The InfoSec Blog

A sign of the times

Posted by Anton Aylward

It seems that many people in HR don't realise that the interview is a two-way street. Not only are they trying to find out if the candidate is suitable, but the candidate wants to know about the position, the firm, the job and the people he will be working with. The most sucessful intervvvews are when both parties realise this and work accordingly.

Thirty plus years ago the company I worked for out of university assumed that the hires were there for their career. As such they invested in them. Training for middle management and beyond began quite early.

One of the first thing we got was interviewing skills, that is DOING the interviewing. You might wonder why this was so early on. I was told that part of interviewing was determining if the candidate would fit in with the team. (How different from the attitude where hiring 'gurus' and
'whiz-kids' for their individual excellence is the only criteria.) Hence the candidate needed to meet the team and so the team had to understand how to interview.

But today? How many companies invest in training in that strategic manner?
The last couple of decades have been ones where job-hopping is the norm, so why should a company invest in training someone who will shortly be gone? Most people look to their own training, hence the rise of the training companies.

Hence also the rise of evaluating applications by their training record, and in some cultures the attitude that training is a ticket and certification is a ticket to a job. Many of have seen on other forums people posting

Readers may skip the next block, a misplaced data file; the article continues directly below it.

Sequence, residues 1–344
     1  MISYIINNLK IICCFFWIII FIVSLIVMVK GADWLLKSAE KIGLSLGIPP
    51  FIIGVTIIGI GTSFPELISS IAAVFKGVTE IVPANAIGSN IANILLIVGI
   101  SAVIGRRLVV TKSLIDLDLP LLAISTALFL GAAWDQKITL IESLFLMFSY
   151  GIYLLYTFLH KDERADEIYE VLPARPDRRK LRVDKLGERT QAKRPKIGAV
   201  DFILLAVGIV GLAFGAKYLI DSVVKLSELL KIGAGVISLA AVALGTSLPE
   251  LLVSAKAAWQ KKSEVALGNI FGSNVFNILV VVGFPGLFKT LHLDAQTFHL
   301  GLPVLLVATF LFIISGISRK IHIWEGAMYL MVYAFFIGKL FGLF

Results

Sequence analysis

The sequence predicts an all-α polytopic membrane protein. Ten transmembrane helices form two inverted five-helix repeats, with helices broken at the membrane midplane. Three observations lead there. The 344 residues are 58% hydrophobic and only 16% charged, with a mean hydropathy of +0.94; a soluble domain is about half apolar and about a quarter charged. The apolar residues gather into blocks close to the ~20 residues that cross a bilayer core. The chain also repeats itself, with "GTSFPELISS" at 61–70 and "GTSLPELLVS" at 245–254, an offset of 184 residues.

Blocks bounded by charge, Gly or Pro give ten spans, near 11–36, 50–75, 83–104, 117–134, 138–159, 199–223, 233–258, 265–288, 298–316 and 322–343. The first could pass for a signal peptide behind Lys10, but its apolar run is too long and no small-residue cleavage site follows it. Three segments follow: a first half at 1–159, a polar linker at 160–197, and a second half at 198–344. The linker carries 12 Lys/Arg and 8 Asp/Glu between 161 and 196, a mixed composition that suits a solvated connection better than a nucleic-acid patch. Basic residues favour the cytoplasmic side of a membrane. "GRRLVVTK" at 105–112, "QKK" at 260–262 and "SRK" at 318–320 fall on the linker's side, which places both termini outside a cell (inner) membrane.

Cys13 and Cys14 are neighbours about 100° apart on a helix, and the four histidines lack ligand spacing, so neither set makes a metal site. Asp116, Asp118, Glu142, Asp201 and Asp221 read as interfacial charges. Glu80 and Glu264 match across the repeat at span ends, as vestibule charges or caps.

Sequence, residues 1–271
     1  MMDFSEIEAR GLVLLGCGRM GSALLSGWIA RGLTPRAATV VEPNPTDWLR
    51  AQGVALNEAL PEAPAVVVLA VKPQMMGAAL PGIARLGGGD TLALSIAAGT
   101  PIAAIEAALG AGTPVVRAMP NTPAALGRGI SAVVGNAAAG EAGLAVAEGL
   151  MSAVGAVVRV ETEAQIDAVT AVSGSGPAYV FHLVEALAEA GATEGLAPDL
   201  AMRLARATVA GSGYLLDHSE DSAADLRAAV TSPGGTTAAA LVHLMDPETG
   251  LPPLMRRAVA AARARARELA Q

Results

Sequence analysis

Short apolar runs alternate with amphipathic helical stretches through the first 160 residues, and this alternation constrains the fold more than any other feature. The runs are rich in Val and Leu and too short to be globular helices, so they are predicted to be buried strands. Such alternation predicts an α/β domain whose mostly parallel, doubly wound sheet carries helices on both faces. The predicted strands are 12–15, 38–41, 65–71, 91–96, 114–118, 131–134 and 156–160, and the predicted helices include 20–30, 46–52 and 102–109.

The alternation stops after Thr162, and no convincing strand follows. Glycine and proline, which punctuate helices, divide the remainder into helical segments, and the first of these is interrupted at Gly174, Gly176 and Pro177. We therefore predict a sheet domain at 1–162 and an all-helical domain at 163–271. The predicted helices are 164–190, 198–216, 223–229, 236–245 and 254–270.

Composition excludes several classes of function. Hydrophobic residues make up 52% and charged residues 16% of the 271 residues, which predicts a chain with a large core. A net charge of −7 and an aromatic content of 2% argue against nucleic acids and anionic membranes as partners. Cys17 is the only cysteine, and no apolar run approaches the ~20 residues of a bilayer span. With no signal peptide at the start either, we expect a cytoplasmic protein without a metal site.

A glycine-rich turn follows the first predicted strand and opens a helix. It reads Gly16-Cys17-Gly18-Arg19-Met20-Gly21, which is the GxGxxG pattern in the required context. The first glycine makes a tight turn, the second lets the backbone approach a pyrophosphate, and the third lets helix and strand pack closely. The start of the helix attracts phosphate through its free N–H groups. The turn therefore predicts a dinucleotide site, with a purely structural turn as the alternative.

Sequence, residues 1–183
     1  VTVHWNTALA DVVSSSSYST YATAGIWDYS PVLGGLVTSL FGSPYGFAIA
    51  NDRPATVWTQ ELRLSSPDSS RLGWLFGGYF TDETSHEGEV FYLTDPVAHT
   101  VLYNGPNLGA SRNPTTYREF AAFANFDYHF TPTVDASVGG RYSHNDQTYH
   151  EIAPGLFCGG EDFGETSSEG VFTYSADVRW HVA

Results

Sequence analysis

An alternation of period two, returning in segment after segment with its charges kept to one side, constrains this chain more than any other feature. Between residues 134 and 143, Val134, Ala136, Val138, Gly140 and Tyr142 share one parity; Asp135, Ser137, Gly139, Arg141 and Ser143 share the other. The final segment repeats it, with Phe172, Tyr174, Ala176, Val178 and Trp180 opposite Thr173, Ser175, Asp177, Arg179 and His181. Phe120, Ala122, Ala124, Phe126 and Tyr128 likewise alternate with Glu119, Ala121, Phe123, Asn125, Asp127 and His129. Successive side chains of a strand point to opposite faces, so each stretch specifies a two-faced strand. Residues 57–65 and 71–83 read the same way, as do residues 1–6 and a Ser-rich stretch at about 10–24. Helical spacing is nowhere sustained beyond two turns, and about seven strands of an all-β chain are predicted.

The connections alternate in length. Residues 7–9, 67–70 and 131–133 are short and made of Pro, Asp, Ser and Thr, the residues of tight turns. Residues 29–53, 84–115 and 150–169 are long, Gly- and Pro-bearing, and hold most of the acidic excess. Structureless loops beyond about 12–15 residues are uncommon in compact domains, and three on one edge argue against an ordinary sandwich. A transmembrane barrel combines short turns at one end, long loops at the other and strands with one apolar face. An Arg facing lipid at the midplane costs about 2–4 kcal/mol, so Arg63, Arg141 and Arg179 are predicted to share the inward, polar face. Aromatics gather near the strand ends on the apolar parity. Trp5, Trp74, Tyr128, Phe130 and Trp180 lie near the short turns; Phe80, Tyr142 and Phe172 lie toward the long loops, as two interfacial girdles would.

"I want to get into security - which should I take first,
a CISSP, CISA or CISM?"

Its really hard, I've found, to convince people with this cultural background and set of assumptions that its experience that counts.

I wonder if the same applies to HH/HR/screeners?

I ask because I'm one of those people who isn't good at classroom learning. I'm better off taking things apart and experimenting. In the classroom I'm a pest, I ask questions as my mind races ahead and "off on irrelevant tangents" - which amounts to next weeks lesson! You're never going to see a long list of courses taken and certifications earned on any of my resumes.

I'm off doing the "I wonder what if ..".   I think in terms of 'ability' rather than skills with specific pieces of equipment and software.    I'm more like the guy in Asimov's short story "Profession".

Well, it takes all sorts.

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Encyclopedia of IT terms

Posted by Anton Aylward

CMP ChannelWeb have an on-line encyclopaedia of IT terms. This is a useful addition to my toolbar for composition, along with a more conventional dictionary.

ChannelWeb Logo

The definition of 'information security' seems limited to access control, which is very disappointing. The definition for 'computer security' is more comprehensive. Never the less, to a security professional both these definitions are lacking.

What screams out to me, and this is very obviously my bias, is the lack of any mention of INTEGRITY in these definitions. As I keep pointing out, if you don't have integrity, any other efforts at security, be it information security, or "Gates, Guards, Guns and Dogs" physical security, be it backup and disaster recovery, be it access control, be it 1024-bit SSL, are all going to be pointless.

Its not until we follow a few links at the Encyclopaedia do we come to a mention of Donn Parker's six fundamental and orthogonal attributes of security is there mention of 'integrity'. Even so, that definition has only a like to 'data integrity'. There is a separate definition for 'message integrity'. While these specific items are important, they are details. What is lacking is a general definition of "Integrity". Once again, Fred Cohen's seminal 1997 article on the importance of Integrity comes to mind.

No, a much better reference is Rob Slade's "Dictionary of Information Security", which, of necessity, encompasses many IT terms.

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